Friday, January 12, 2007

Poetry Friday 32

I'm still reading James Shapiro's 1599: A Year in the Life of William Shakespeare, so I'm going to share two of Shakespeare's Sonnets with you this week.

Sonnet 60

Like as the waves make towards the pebbled shore,
So do our minutes hasten to their end,
Each changing place with that which goes before
In sequent toil all forwards do contend.
Nativity, once in the main of light,
Crawls to maturity, wherewith, being crowned,
Crooked eclipses 'gainst his glory fight
And Time that gave, doth now his gift confound.
Time doth transfix the flourish set on youth,
And delves the parallels in beauty's brow,
Feeds on the rarities of natures truth,
And nothing stands but for his scythe to mow;
And yet, to times, in hope, my verse shall stand,
Praising thy worth, despite his cruel hand.

Sonnet 64

When I have seen by time's fell hand defaced
The rich proud cost of outworn buried age;
When sometime-lofty towers I see down razed,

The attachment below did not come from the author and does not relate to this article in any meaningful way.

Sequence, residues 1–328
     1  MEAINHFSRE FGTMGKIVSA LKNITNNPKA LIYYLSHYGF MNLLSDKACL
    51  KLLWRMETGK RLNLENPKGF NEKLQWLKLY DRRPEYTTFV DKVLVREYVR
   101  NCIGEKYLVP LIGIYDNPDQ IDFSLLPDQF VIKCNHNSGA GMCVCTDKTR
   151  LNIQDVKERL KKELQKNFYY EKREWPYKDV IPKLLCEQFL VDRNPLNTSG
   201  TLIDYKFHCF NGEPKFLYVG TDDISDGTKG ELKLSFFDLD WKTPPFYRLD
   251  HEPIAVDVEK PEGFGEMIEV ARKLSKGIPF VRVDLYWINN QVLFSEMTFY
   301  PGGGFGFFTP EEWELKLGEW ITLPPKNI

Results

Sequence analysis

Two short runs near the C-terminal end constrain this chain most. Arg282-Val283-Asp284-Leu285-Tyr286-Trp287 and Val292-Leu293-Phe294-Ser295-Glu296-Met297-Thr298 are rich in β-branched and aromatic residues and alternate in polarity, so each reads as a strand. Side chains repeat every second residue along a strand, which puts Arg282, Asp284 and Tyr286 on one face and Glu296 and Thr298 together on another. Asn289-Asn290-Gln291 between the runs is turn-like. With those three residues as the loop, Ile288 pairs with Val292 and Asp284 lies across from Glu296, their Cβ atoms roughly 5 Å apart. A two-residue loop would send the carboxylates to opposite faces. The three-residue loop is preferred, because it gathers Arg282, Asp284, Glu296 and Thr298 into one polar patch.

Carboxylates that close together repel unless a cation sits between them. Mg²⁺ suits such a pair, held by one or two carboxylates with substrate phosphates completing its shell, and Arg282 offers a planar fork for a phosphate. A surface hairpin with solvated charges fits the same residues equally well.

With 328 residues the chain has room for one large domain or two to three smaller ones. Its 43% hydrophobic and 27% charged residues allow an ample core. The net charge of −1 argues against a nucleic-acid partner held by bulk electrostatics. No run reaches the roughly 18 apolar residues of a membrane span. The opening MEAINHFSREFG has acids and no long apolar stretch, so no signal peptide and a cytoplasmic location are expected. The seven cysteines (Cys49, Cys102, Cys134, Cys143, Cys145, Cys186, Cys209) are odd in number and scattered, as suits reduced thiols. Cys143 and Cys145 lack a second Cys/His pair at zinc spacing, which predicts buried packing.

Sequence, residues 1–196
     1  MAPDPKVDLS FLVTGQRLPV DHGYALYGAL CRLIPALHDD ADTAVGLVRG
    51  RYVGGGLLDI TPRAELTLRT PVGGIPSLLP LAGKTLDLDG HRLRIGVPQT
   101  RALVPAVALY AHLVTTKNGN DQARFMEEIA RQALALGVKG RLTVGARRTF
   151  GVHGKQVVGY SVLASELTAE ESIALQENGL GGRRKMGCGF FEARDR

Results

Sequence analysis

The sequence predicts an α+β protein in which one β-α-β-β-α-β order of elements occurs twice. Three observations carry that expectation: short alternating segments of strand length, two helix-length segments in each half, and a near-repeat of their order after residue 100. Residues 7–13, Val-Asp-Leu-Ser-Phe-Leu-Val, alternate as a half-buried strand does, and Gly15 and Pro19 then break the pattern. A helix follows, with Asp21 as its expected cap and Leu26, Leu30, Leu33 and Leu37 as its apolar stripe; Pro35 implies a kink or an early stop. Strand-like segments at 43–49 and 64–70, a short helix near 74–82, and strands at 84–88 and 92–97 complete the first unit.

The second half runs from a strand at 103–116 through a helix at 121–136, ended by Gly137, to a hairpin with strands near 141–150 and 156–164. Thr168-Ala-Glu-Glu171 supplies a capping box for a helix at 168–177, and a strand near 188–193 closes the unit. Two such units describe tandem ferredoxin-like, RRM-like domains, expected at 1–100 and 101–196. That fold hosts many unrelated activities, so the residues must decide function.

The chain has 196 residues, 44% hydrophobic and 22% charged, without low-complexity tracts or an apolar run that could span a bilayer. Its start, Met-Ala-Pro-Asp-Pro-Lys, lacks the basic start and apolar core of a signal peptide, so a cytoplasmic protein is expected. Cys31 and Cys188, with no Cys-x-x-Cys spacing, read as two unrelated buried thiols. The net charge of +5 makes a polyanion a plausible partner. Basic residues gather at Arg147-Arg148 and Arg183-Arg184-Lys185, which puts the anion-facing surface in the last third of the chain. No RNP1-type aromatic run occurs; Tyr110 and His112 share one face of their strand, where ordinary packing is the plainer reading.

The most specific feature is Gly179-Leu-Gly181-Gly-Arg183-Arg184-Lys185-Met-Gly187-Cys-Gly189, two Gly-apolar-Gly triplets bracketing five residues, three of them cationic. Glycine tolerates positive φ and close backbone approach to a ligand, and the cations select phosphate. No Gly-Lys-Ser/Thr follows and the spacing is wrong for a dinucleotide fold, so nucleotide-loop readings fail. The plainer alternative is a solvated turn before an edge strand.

And brass eternal slave to mortal rage;
When I have seen the hungry ocean gain
Advantage on the kingdom of the shore,
And the firm soil win of the wat'ry main,
Increasing store with loss and loss with store;
When I have seen such interchange of state,
Or state itself confounded to decay,
Ruin hath taught me thus to ruminate:
That time will come and take my love away.
This thought is as a death, which cannot choose
But weep to have that which it fears to lose.

Both of these Sonnets are on the theme of Time, which seems appropriate since I'm reading Shapiro's book to accompany Susan Cooper's King of Shadows, which as you know if you've seen my review (for a previous Poetry Friday) or are reading it in preparation for the Book Discussion Group, is a time-slip story.


Erin said...

Thanks for sharing those! I especially liked the latter.

Michele said...

Interesting - I actually preferred the first one !